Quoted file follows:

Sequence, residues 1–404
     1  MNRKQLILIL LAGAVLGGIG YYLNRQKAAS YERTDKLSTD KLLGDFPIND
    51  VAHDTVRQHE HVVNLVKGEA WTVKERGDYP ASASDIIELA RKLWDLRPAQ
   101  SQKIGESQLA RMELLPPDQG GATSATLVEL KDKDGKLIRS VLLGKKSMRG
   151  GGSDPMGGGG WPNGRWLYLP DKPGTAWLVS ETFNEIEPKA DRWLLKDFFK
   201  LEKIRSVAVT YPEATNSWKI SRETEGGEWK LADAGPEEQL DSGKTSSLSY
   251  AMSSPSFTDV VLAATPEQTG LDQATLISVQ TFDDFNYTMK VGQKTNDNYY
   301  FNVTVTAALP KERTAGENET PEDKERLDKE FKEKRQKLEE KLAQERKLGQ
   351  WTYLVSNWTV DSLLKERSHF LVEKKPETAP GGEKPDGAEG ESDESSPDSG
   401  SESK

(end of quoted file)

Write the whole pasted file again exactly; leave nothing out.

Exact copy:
Sequence, residues 1–404
     1  MNRKQLILIL LAGAVLGGIG YYLNRQKAAS YERTDKLSTD KLLGDFPIND
    51  VAHDTVRQHE HVVNLVKGEA WTVKERGDYP ASASDIIELA RKLWDLRPAQ
   101  SQKIGESQLA RMELLPPDQG GATSATLVEL KDKDGKLIRS VLLGKKSMRG
   151  GGSDPMGGGG WPNGRWLYLP DKPGTAWLVS ETFNEIEPKA DRWLLKDFFK
   201  LEKIRSVAVT YPEATNSWKI SRETEGGEWK LADAGPEEQL DSGKTSSLSY
   251  AMSSPSFTDV VLAATPEQTG LDQATLISVQ TFDDFNYTMK VGQKTNDNYY
   301  FNVTVTAALP KERTAGENET PEDKERLDKE FKEKRQKLEE KLAQERKLGQ
   351  WTYLVSNWTV DSLLKERSHF LVEKKPETAP GGEKPDGAEG ESDESSPDSG
   401  SESK